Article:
Not wanting to divert the thread, but I've just done exactly this with an Aico smoke alarm relay base and Shelly 1PM smart relay and have been very pleased with the result. Not only does the power to the MVHR get cut in the event of the smoke alarms going off but it also send me an SMS and app alerts within a few seconds to say this has happened. Furthermore, with the smart relay being 'in series' with the power supply it logs power consumption which will be of interest over time (well, to me as I like stats and graphs!):

 

Screenshot_20191124-122813.png    Screenshot_20191201-004901.png

 

I do wonder how I'll react if I ever get that text! :o

If I mess up in the kitchen (which doesn't have an opening window) and the smoke alarm goes off, I switch the boost on which usually sorts it very quickly. If the mhrv switched off in those scenarios, we'd a bit stuck! I'd def like to see the consumption tho, very smart. 

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Oh yes - same here. If the alarm is indicating that my dinner's ready (hope the wife isn't reading this!) then I can press the hush button on the smoke alarm and the MVHR will turn back on. The functionality is really for when we're not in the house and, to be honest, it's the text alert that I value most rather than the power disabling even thought it was the latter that was the original motivation.

Edited by MJNewton

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45 minutes ago, MJNewton said:

 

Not wanting to divert the thread, but I've just done exactly this with an Aico smoke alarm relay base and Shelly 1PM smart relay and have been very pleased with the result. Not only does the power to the MVHR get cut in the event of the smoke alarms going off but it also send me an SMS and app alerts within a few seconds to say this has happened. Furthermore, with the smart relay being 'in series' with the power supply it logs power consumption which will be of interest over time (well, to me as I like stats and graphs!):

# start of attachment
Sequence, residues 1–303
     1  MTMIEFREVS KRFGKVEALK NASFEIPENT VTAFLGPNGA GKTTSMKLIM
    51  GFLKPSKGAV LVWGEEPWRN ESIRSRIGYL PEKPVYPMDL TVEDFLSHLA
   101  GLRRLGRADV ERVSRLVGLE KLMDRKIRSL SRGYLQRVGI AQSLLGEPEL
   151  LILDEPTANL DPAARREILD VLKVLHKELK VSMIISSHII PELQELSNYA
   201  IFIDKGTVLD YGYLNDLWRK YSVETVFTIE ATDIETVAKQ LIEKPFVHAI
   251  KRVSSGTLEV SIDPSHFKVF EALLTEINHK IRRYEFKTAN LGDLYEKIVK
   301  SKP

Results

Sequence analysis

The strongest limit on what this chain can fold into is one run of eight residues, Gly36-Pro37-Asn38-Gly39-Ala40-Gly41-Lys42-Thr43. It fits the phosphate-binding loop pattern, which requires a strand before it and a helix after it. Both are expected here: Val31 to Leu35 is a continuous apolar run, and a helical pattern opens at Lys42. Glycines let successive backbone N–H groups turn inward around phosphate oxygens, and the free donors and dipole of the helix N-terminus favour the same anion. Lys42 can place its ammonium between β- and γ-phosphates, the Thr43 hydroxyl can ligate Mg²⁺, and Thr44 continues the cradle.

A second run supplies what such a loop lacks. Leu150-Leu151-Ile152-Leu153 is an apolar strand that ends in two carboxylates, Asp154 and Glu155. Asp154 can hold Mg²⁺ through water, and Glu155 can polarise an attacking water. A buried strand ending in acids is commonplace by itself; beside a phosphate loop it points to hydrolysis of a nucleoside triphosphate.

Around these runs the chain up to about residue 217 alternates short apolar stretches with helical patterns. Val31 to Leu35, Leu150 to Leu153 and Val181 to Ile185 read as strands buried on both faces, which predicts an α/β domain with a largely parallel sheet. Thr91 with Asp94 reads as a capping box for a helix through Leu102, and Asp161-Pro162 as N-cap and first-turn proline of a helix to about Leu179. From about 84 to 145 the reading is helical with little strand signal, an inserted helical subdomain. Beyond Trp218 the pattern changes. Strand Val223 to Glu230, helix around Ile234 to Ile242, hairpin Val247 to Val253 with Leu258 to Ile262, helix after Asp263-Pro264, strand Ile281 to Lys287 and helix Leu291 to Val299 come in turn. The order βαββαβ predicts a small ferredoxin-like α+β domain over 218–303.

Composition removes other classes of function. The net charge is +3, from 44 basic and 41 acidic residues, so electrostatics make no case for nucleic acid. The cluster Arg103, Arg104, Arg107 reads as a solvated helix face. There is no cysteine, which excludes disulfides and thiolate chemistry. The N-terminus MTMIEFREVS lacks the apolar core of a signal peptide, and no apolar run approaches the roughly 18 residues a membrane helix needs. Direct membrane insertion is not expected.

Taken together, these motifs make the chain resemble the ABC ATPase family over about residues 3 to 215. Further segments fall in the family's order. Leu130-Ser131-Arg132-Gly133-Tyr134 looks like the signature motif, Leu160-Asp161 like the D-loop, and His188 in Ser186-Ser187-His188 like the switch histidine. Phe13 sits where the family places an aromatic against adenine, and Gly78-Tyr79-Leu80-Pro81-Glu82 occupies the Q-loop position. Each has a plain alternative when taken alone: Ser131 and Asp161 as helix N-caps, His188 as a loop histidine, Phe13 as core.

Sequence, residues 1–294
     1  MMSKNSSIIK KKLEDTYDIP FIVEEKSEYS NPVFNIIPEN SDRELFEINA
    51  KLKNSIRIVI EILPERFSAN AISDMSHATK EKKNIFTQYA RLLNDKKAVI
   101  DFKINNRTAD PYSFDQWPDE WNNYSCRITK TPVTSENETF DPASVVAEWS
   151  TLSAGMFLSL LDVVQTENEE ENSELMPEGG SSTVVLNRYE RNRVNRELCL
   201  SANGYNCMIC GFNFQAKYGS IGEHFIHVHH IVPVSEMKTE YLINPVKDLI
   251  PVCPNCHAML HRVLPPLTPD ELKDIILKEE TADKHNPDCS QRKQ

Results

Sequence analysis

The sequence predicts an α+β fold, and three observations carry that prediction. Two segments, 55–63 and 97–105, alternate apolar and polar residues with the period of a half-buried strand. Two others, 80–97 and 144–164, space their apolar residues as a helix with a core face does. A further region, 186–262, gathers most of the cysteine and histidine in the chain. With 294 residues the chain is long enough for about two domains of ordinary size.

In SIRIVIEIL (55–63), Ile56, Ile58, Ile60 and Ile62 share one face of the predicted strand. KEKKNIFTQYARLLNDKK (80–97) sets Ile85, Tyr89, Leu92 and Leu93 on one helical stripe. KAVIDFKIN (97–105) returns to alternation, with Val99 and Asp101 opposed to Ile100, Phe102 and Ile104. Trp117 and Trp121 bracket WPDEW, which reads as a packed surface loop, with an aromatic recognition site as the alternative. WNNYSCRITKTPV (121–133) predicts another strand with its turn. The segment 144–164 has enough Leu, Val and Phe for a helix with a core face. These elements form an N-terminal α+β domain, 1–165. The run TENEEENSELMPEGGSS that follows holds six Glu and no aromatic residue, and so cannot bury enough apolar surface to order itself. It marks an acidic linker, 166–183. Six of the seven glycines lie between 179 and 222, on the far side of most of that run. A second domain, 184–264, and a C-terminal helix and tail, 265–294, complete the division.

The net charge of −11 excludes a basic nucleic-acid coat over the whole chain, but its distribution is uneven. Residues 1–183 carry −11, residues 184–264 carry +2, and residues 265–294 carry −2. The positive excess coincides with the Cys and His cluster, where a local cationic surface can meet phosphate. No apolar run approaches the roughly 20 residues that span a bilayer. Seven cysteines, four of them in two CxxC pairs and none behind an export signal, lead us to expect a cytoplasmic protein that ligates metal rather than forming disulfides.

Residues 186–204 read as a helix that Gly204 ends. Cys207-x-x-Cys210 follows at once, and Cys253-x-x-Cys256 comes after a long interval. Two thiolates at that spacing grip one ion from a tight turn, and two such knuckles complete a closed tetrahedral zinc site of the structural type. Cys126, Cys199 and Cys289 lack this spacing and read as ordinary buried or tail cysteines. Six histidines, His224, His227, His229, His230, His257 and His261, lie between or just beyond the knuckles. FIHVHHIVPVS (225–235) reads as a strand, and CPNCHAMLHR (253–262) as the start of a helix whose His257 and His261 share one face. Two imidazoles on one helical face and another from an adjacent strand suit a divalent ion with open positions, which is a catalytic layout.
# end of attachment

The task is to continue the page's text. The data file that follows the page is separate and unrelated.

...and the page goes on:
Screenshot_20191124-122813.png    Screenshot_20191201-004901.png

 

I do wonder how I'll react if I ever get that text! :o

I have just been looking at these, the one thing I am interested on is where is the program held? Take for example Casmabi lighting controls, they use a bluetooth mesh network and are controlled by a device with bluetooth basically. Offices that I have seen Casambi used for lighting control have iPad's mounted into special wall mount cases, so you have essentially a very powerful control faceplate, you can have as many as you want and those trusted in the office can even have the pin and control the lights from their tablet or phone. But the scene program is on the device, so if you were to have no internet Casambi would continue to work. 

 

I have a couple of WiFi sockets and if they lose wifi that is it, I have lost control and the program is held on a cloud so they won't even do what they are meant to do until wifi is restored, so what I am looking for is something like the Shelly complete with power meter and whatnot, but is less internet reliant.

 

 

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The Shelly is dependent on wifi for external access, however the use of the Internet is optional as it has its own built-in web server that can be accessed on the local WLAN (or directly if set up as an access point), and use of the cloud can be disabled entirely. Simple functions like controlling power output based on a physical trigger input, time-based schedules, overtemperature/overcurrent etc are performed locally and don't have any external dependencies (other than to configure them in the first place). For text alerts (and, I think, app alerts) an Internet connection is required.

Edited by MJNewton

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12 minutes ago, MJNewton said:

The Shelly is dependent on wifi for external access, however the use of the Internet is optional as it has its own built-in web server that can be accessed on the local WLAN (or directly if set up as an access point), and use of the cloud can be disabled entirely. Simple functions like controlling power output based on a physical trigger input, time-based schedules, overtemperature/overcurrent etc are performed locally and don't have any external dependencies (other than to configure them in the first place). For text alerts (and, I think, app alerts) an Internet connection is required.